Portraits of Wildflowers

Perspectives on Nature Photography

Bark beetle galleries

with 43 comments

In Great Hills Park on April 3rd a fallen tree trunk revealed bark beetle galleries.

© 2022 Steven Schwartzman

  

 

Written by Steve Schwartzman

April 14, 2022 at 4:20 AM

43 Responses

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  1. I find these when splitting our firewood and the bark strips off. Sometimes I find the beetle grubs as well. I’ve photographed a few with the iPhone but haven’t shared them anywhere as of yet. If you start collecting these images you can have a bark beetle gallery gallery.

    Steve Gingold

    April 14, 2022 at 5:15 AM

  2. Therein lies a tale; maybe several tales written in beetle hieroglyphics.

    Gallivanta

    April 14, 2022 at 5:37 AM

  3. Real insect art !

    picpholio

    April 14, 2022 at 5:57 AM

  4. Ah! I have an upcoming post about this… bark beetles destroying the woods in ca. But I must say that you took much better photos of the galleries, now how am I going to publish mine ? 😉

    Alessandra Chaves

    April 14, 2022 at 8:09 AM

    • I see several possibilities. 1) Editing might improve the quality of the pictures you took. 2) You could take some new pictures. 3) You’re welcome to borrow mine.

      Steve Schwartzman

      April 14, 2022 at 12:35 PM

  5. These are pretty neat! Like little maps too, but they really are artful.

    circadianreflections

    April 14, 2022 at 9:42 AM

    • I assume the insects are just doing what comes naturally and have no idea how artful they are.

      Steve Schwartzman

      April 14, 2022 at 3:12 PM

  6. Artistic beetles! Looks like roads in a housing development.

    Lavinia Ross

    April 14, 2022 at 9:46 AM

  7. Great shots. The patterns in the second one are particularly interesting – I see all sorts of things in them. Poor tree though!

    susurrus

    April 14, 2022 at 11:35 AM

    • Like Marley, the tree was dead. It had fallen over, but I don’t know if the insects that created the galleries had anything to do with the tree’s demise.

      Steve Schwartzman

      April 14, 2022 at 3:19 PM

  8. The Nazca lines in Peru, one is reminded of, perhaps…

    RobertKamper

    April 14, 2022 at 11:58 AM

    • Pace Erich von Däniken, in some parts of the country galleries like these are created by aliens (alien species of beetle, that is).

      Steve Schwartzman

      April 14, 2022 at 3:17 PM

  9. I’d linger in front of either of these in a gallery. They’re so evocative; I see angels hovering at the top of the first, and echoes of Matisse in the second. The texture is wonderful: very touchable.

    shoreacres

    April 14, 2022 at 8:52 PM

    • Now that you mention it, I didn’t touch these bark beetle galleries. All my attention went toward composing photographs. That said, I’ve often enough touched other subjects I’ve photographed, so why I didn’t do it with this one remains a mystery.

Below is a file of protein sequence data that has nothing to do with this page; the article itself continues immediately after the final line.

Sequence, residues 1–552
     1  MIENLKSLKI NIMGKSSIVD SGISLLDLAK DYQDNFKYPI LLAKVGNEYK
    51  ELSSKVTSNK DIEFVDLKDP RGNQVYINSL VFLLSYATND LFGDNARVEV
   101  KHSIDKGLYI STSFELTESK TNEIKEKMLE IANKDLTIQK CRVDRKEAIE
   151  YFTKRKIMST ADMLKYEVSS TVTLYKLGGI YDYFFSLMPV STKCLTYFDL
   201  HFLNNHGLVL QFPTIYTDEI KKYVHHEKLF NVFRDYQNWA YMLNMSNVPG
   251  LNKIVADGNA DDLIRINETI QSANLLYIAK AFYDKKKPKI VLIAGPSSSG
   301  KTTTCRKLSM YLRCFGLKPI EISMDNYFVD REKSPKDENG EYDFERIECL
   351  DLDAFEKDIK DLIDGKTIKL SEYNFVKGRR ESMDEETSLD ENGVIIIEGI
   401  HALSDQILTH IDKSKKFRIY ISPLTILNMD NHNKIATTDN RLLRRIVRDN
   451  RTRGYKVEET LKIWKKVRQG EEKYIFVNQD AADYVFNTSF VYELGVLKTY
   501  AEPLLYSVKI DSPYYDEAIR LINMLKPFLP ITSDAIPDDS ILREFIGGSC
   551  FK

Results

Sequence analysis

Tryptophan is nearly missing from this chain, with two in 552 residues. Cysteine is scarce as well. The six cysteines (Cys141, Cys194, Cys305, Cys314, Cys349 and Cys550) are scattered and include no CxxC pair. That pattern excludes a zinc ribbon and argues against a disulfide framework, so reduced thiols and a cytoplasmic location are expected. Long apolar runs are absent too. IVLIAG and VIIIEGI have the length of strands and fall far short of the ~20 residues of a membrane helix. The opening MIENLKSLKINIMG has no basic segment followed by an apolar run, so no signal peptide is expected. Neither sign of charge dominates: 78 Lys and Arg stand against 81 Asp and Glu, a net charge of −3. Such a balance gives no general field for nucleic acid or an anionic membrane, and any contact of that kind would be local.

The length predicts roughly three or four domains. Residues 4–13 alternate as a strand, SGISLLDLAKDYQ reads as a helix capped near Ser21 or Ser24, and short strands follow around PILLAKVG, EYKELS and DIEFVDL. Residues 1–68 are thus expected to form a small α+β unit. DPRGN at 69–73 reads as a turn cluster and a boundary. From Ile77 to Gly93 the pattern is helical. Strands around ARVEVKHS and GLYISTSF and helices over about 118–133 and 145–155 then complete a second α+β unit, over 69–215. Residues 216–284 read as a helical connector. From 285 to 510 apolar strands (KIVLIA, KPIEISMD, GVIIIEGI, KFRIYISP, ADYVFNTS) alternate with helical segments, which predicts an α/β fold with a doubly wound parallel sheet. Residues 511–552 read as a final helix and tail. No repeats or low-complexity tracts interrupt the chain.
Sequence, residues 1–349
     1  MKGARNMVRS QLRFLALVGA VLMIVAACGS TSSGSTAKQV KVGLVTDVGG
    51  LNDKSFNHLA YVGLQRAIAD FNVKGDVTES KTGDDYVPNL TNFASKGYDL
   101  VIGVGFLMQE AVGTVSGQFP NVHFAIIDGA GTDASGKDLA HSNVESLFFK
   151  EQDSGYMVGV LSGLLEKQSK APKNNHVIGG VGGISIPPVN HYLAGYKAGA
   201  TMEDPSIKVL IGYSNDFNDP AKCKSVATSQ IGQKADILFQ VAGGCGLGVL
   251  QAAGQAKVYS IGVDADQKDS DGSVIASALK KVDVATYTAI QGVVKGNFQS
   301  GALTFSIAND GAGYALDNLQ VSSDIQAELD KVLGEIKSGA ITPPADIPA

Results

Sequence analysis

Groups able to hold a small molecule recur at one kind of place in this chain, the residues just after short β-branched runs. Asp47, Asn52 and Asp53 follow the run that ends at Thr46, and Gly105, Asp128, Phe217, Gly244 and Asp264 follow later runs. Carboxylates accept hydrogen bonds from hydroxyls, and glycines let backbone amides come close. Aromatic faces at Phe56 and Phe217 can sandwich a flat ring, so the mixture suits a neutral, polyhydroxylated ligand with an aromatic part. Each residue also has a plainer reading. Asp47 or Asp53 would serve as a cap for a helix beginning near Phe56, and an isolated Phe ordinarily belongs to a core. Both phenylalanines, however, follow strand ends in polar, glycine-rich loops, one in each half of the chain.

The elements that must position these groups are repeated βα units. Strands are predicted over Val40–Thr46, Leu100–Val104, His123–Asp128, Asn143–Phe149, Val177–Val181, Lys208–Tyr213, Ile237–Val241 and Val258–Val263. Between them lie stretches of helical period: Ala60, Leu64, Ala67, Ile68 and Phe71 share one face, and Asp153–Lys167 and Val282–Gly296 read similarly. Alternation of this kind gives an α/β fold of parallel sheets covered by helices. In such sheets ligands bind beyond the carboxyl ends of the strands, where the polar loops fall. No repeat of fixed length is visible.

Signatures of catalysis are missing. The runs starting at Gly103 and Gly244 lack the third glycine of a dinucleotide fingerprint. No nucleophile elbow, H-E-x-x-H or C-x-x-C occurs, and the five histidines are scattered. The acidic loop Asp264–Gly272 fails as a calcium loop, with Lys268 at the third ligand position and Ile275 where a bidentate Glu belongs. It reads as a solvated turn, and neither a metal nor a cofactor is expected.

Steve Schwartzman

      April 14, 2022 at 10:32 PM

  10. Could these be considered xyloglyphs?

    tanjabrittonwriter

    April 14, 2022 at 9:05 PM

  11. The tree may not be too pleased with this deadly beetle attack, but I look at the wood carvings as a piece of art.

    Peter Klopp

    April 14, 2022 at 10:43 PM

    • I don’t know whether the bark beetles had a part in killing this tree. If so, it was an artsy way for the the tree to go.

      Steve Schwartzman

      April 14, 2022 at 10:45 PM

  12. Fascinating patterns; I’ve long been drawn to these too. No immediate faces to visualize, but my mind immediately conjures up a hand at the upper-left third of your first image.

    krikitarts

    April 16, 2022 at 1:18 AM

    • I don’t see that hand, but I’ll hand it to you that you’ve got a good imagination. This log was an excellent specimen, with its beetle galleries relatively easy to photograph, especially because I had my ring flash on the camera and could stop down for good depth of field on a roughly cylindrical surface.

      Steve Schwartzman

      April 16, 2022 at 7:15 AM

      • Sorry, the hand I see is in your second image, not your first. The thumb is very long and disarticulated from the wrist, but it’s there. It’s a fair guess that these patterns were the inspiration for the mazes that folks envisioned for their parks and gardens.

        krikitarts

        April 17, 2022 at 2:57 AM

        • Ah, now I see the hand and its long, long thumb. That’s an interesting conjecture about wooden insect galleries like these having inspired botanical mazes. Human designers have often taken their inspiration from nature, as for example in the movement called Art Nouveau.

          Steve Schwartzman

          April 17, 2022 at 7:02 AM

  13. I always find these fascinating. And I love what the shadows do for that bottom photo, giving it a very three-dimensional look.

    Todd Henson

    April 17, 2022 at 11:20 AM

    • I felt the same way about those delineating shadows, too. These were the most accessible and clearest bark beetle galleries I’ve come across. Photographing them wasn’t the chore it often is with this subject.

      Steve Schwartzman

      April 17, 2022 at 1:21 PM

  14. I don’t like bark beetles but I must say, their carvings are pretty cool!

    denisebushphoto

    April 20, 2022 at 11:54 AM

  15. […] feeding of these insects, is characteristic of each species. Good photos of beetle galleries can be seen o this post by fellow blogger Steve Schwartzman. I took the photo below in […]


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